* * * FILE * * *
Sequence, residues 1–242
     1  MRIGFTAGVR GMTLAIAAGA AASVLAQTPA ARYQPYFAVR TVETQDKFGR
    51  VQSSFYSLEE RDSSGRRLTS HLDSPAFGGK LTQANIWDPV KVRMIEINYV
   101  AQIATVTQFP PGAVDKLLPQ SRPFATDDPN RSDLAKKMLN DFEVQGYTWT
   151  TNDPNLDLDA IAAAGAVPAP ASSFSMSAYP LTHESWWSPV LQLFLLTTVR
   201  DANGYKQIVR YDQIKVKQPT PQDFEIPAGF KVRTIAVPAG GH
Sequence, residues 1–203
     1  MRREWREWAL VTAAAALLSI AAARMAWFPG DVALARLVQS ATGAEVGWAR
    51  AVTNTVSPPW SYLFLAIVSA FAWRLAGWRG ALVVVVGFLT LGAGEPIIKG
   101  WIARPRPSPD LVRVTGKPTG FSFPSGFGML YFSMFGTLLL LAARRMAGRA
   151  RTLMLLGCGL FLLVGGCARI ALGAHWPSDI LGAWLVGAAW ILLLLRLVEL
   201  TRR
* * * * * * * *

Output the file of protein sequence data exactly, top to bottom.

Sequence, residues 1–242
     1  MRIGFTAGVR GMTLAIAAGA AASVLAQTPA ARYQPYFAVR TVETQDKFGR
    51  VQSSFYSLEE RDSSGRRLTS HLDSPAFGGK LTQANIWDPV KVRMIEINYV
   101  AQIATVTQFP PGAVDKLLPQ SRPFATDDPN RSDLAKKMLN DFEVQGYTWT
   151  TNDPNLDLDA IAAAGAVPAP ASSFSMSAYP LTHESWWSPV LQLFLLTTVR
   201  DANGYKQIVR YDQIKVKQPT PQDFEIPAGF KVRTIAVPAG GH
Sequence, residues 1–203
     1  MRREWREWAL VTAAAALLSI AAARMAWFPG DVALARLVQS ATGAEVGWAR
    51  AVTNTVSPPW SYLFLAIVSA FAWRLAGWRG ALVVVVGFLT LGAGEPIIKG
   101  WIARPRPSPD LVRVTGKPTG FSFPSGFGML YFSMFGTLLL LAARRMAGRA
   151  RTLMLLGCGL FLLVGGCARI ALGAHWPSDI LGAWLVGAAW ILLLLRLVEL
   201  TRR